Rebuilding Medina

MAY 3 — Earlier last month, I attended an intercultural and inter-religious dialogue for youth organised by Komuniti Muslim Universal (KMU) where the focus was on emulating the spirit of the Marrakesh Declaration.

Where the Amman Message calls for intra-Muslim peace, the Marrakesh Declaration calls for inter-religious peace. 

The declaration was issued by Muslim leaders on January 2016 in Marrakesh, Morocco at a conference where more than 250 Muslim religious leaders, heads of state, and scholars attended alongside representatives of persecuted religious communities from various countries.

The declaration can be said to be a “modern update” of the Charter of Medina, a constitutional contract between the Prophet and the people of Medina that guaranteed religious liberty for all, regardless of faith. 

It also included rights such as freedom of movement, property ownership, mutual solidarity and defence, as well as principles of justice and equality before the law.

The Marrakesh Declaration acknowledges that many non-Muslims in predominantly Muslim countries have faced affronts to their fundamental human rights, also highlighting that “in these lands where the government’s central authority is weak, fading, or failing, the Muslim majority, in reality, is often no better off than the religious minorities.”

It calls for examination and study of the primary sources of Islamic Law, bearing in mind the context of their revelation, weighing the benefits and harms, and using the example of the Rightly-Guided Caliphs.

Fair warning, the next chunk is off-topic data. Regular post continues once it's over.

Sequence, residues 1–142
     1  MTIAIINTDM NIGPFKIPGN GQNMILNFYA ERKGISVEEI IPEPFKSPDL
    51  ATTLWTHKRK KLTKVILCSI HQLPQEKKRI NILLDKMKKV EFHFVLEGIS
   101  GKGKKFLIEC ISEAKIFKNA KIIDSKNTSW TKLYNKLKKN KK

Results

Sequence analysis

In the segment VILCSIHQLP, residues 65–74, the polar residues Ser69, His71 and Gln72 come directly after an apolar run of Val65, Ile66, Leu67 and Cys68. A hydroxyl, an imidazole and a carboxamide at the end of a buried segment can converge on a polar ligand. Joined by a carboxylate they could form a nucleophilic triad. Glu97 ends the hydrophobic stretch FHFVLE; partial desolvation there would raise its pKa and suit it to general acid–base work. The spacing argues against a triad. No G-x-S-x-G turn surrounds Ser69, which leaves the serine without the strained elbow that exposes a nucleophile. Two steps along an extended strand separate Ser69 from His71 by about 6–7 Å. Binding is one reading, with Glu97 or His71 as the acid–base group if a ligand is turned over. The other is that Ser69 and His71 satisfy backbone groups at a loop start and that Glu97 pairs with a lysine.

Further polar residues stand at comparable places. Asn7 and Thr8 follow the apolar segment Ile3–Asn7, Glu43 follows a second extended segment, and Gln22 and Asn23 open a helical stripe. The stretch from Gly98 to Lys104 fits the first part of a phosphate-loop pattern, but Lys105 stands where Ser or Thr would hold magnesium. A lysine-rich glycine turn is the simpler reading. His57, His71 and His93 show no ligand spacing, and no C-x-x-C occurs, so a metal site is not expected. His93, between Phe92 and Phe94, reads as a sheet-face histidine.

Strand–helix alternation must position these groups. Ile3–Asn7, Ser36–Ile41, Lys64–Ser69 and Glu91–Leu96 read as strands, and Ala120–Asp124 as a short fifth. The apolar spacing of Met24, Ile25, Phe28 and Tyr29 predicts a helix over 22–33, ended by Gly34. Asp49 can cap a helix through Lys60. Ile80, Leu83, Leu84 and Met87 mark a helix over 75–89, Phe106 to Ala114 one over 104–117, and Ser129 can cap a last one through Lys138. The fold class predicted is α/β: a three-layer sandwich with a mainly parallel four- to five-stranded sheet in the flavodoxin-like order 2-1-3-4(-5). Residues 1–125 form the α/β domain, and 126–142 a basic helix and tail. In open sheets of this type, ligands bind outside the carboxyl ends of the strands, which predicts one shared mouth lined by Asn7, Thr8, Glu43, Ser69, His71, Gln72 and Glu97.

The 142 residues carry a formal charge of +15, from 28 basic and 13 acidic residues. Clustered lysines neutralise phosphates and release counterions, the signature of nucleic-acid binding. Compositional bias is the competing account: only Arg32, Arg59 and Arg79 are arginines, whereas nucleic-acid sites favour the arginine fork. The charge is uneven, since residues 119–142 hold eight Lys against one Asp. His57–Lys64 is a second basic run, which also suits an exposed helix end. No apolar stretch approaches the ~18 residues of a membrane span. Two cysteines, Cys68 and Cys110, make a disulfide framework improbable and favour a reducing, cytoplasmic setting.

Besides that, it also calls for the using of the Charter of Medina to provide the basis for a model of citizenship where everyone under its authority is one, cohesive, unified polity with all of its citizens enjoying equal rights and having the same duties.

It’s clear from here that peace has been the agenda for many Muslim scholars. However, we know that no amount of promises or declarations will work if there is no political will to see it through. 

It is not enough to just agree — we also need to do. But are Muslims willing to compromise?

Malay Muslims, or any Muslim for that matter, have always emphasised the importance of following the Quran and Sunnah, and we hold the highest respect for the Prophet (pbuh) always encouraging others to follow in his footsteps.

With the escalating religious friction in our country, we need to ask ourselves this: What would the Prophet do? How did the Prophet treat the other religions that coexisted with Islam during his time?

The integration of society is not a new message. It was highlighted and practised since centuries ago, and it is very significant in maintaining a peaceful coexistence in society. 

The guidance left by the Prophet in the form of his speech and actions is sufficient for Muslims as well as non-Muslims all over the world to achieve real success in integrating society and peacefully living together.

What would the Prophet do in these times? Would he proselytise by discrediting another religion? Would he show the glory of Islam through a poem mocking Hindus? Would he tell Muslims that the only way for Islam to reign is by resisting co-operation with non-Muslims?

The fact that the Marrakesh Declaration was issued only last year goes to show that religious intolerance in predominantly Muslim countries is still a widespread problem up to this day. 

Where did the spirit of Medina go? Will we try to do our part in achieving the objectives of the declaration?

Religious intolerance has no place in our world. Muslims should know that it has no place in Islam either.

* This is the personal opinion of the columnist.

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